Calling ALLi Members: As some of you know, we are doing a monthly giveaway through our Goodreads Group, starting this month. This is an opportunity for you (paid-up ALLi members only) to showcase books to some of Goodreads's eight million…
Marketeers say the key to promoting a book is to take off your writer's hat. But, argues Orna Ross, that makes indie authors vulnerable to crass self-promotion. The key, she says, is to connect your reach-out to readers with your…
As more and more self-publishing authors make a success of our endeavours, more agents and publishers come calling. But too often they come with a traditional publishing contract in hand. This fails to recognise that an indie author’s situation is different to that of a tyro, unpublished author.
As self-publishers, we have built our readership and already have a following. Our e-rights are very valuable to us and we’re not keen to bundle them with other rights. We expect publishers to understand that our situation is different — and to reflect this in their contractual terms and conditions.
Here are four questions that an indie should ask before signing any deal with an agent. (Please note, the first three questions pertain to signing with agents for English language rights; only the fourth to translation rights, which is a different proposition, requiring a different set of questions).
We’ll have a blog post on that, and on questions to ask if you’re considering signing directly with a publisher, soon.
1. Will my self-publishing income be
Today, in the fifth and final part of our ‘Which Distributor’ series, Orna Ross explains how independent authors can successfully work with trade publishers to distribute some of their books.
At a writers conference, an agent and writer are putting out tentative feelers towards each other. The agent is from a venerable company, with a long list of illustrious clients. The writer is an independent author, who has earned her indie spurs by successfully self-publishing two ebook thriller titles (with more on the way) and building a vibrant and growing fanbase, both for her books and her writing advice website.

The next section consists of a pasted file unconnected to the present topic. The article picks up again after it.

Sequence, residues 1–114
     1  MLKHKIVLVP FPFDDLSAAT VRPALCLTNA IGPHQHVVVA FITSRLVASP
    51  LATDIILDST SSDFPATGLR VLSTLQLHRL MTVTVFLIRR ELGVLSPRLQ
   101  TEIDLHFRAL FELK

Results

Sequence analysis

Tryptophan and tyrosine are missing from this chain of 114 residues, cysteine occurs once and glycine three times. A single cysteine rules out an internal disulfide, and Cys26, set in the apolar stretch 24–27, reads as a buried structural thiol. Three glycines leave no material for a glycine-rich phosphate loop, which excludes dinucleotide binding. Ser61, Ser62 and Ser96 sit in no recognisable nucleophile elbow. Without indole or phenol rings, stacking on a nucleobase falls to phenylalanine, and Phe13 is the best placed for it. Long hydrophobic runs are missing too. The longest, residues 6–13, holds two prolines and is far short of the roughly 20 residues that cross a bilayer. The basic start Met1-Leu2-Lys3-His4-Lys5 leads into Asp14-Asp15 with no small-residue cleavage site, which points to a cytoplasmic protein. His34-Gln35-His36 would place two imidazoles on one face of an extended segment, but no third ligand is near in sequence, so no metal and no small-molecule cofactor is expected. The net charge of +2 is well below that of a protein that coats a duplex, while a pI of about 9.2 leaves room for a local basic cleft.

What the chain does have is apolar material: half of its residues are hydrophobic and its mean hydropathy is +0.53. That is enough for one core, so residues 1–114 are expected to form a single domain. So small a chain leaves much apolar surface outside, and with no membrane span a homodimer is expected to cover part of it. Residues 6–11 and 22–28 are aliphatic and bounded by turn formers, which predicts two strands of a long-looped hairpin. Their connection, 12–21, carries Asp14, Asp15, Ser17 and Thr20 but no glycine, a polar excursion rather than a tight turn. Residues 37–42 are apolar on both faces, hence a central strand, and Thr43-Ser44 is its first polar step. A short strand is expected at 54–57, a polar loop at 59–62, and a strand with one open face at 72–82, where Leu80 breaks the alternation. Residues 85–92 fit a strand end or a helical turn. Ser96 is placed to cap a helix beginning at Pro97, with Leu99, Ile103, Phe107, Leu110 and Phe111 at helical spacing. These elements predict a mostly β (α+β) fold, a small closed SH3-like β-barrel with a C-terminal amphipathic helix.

The agent wants to sign this author, who is young, hardworking, full of ideas, with many books ahead of her. The author is actively seeking a trade publisher, because she wants a third party to handle print. For her, print takes too long and requires the sort of activities that don’t interest her. It’s the one thing trade publishing can do better than she can do for herself, she believes.
The two talk, they seem to understand each other. Back home, the agent sends over an Author Representation Agreement but before she’s read too far, the writer is concerned. A clause states that the agent will
For publicity purposes, there are essentially two kinds of blogs, those that are an offshoot of another form of media, such as a newspaper, magazine or radio show; and those that are independent stand-alones. Either way, they are usually written by a single individual or a small group and have a very personal feel to them.
Like people, blogs can be quirky, opinionated and prejudiced. You are off to a great start if you think if them as people – as funny as your Aunt Bessie or grumpy as your old Uncle Carl.
1) Blogs Are Not an Afterthought
When it comes to media, some rank contacts in order of ‘importance’, with television being the golden ticket and blogs being something you try once other
Our decision here at The Alliance of Independent Authors (ALLi) to hire a rights agent to represent our members’ books in translation markets has raised the hackles of those who think an indie author is not allowed to make publishing partnerships.
Snarky comments emerging across the Internet, of the indies-admit-they-are-not-so-indie-after-all variety, show that there is still fundamental misunderstanding of what it means to be an indie author or self-publisher.
Here at ALLi, our definition of an indie is one who recognises the writer as the primary driver of the book, not just in getting it written but also in
Most of us have embraced the term and have some idea what we mean by the concept. But there’s a lot of confusion out there, with people using the term ‘indie’ interchangeably with ‘self-publisher’, and people meaning wildly different things when they use those words.
Here at The Alliance of Independent Authors we gave great thought to terminology when we were setting up. Were we going to be an alliance of self-publishers or independent authors? What was the difference, anyway?
Here are the conclusions we came to:
- Indie authorship and self-publishing are not quite synonymous but an independent author will have self-published at least one book.
- Going ‘indie’ is, more than anything, an
Jane Friedman, former publisher of Writer’s Digest, current Online Media Professor at the University of Cincinnati and esteemed advisor to The Alliance of Independent Authors - is on the move. Orna caught up with her as she prepares to leave…
1. From Bard to Scribe Publishing began with the transition from oral to written culture. In traditional society, bards were renowned and respected and supported themselves by travelling and sharing their stories and information with the community at large. This spoken…
You’ve found your way to the very first post by the Alliance of Independent Authors, here on our brand new self-publishing advice blog.
A lot of people ask us why are so many authors going indie and self-publishing these days? The short answer is: because we can.
Self-publication served only a tiny number of writers before digital technology enabled print-on-demand and the direct distribution of ebooks. This technology simultaneously does four things that are very good for writers.
- It gives us a global readership, instead of confining us to specific territories.
- Our books are continually